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  1. In traditional classroom setting, lecturing is the prominent method of transferring knowledge to students. However this passive mode of instruction does not keep student engaged and interested longer in the class. Although mobile devices are used extensively in everyday life and have a bad reputation of creating distraction during class, it can be used to make student's class participation more interactive and engaging. This paper presents one such approach, which is fundamentally different than existing ones by allowing students to participate in active learning during class session by using their mobile devices. This research envision interactive problem applications which will run in student mobile devices, which faculty can initiate remotely and where student can actively participate to solve problem in a hands-on manner. This paper presents the development of a Karnaugh map interactive mobile application and its incorporation into Mobile Response System.
  2. A recent Pew research center study of mobile device usage revealed that, African American and Latinos are the most active users of the Internet from mobile devices. The study also revealed that minority cell phone owners take advantage of a much greater range of their phone's features compared with people of other ethnicities. At Winston Salem State University (WSSU), it is common for students to multitask and use their mobile devices while in class for studying, or performing other activities. This paper reports our ongoing experiences running a National Science Foundation (NSF)-sponsored targeted Infusion Project (TIP) in Computer Science Department that aims to leverage this situation by developing a mobile classroom response system (MRS) to allow students solve interactive problems in their mobile devices in order to improve their class engagement and problem solving skills. By allowing them to solve problems in their preferred devices, the project expects to create a friendly learning environment where the students want to retain, be active and skillful.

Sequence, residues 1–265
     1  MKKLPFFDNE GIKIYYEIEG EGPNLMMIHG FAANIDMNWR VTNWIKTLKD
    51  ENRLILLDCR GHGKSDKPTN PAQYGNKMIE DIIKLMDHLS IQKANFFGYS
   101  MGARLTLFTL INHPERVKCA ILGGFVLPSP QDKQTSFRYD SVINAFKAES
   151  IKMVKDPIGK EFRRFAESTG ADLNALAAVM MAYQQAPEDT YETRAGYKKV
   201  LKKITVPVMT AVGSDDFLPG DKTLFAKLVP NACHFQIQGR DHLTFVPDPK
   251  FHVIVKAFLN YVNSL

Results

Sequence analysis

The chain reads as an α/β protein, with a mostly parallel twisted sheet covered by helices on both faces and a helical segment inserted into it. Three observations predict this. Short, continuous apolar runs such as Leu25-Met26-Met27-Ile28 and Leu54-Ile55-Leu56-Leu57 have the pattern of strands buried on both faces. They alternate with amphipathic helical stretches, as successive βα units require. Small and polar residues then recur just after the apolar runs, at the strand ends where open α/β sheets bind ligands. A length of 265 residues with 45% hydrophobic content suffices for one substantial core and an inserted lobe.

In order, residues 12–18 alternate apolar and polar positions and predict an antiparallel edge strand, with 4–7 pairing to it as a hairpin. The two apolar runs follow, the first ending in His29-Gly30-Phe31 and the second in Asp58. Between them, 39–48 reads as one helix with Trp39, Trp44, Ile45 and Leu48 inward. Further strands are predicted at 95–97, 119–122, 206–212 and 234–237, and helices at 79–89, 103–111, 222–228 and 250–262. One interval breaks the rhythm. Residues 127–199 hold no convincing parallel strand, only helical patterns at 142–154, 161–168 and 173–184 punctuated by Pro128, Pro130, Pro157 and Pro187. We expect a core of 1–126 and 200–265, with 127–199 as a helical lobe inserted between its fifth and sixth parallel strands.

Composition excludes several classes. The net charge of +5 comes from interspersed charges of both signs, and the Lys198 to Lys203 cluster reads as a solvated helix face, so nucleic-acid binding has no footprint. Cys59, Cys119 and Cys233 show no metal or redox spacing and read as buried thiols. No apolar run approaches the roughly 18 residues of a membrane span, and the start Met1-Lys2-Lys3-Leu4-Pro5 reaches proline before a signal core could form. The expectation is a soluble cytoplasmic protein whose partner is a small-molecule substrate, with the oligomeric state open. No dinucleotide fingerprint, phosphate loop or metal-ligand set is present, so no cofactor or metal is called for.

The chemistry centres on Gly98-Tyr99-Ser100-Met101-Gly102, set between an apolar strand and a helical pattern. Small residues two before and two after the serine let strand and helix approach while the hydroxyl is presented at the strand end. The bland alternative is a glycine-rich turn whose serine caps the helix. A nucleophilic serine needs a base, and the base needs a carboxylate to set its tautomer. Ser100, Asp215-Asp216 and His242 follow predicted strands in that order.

3. Evidence-based instructional practices were incorporated in class, which gave immediate indication on student's problem solving skills and class participation information. This pedagogy showed positive results and broader acceptance by students in several semesters of intervention. Significant usage of mobile devices during class motivates the extension of this pedagogical approach of asynchronous problem solving using mobile devices. We believe that use of such devices in the classroom for solving interactive problems will enhance student's abilities to solve problems by using their preferred interaction mode. This paper presents the results of the evidence based pedagogy and development of a mobile classroom response system that extends this pedagogy to help student solve interactive problems in their mobile devices to improve their class engagement and problem solving skills.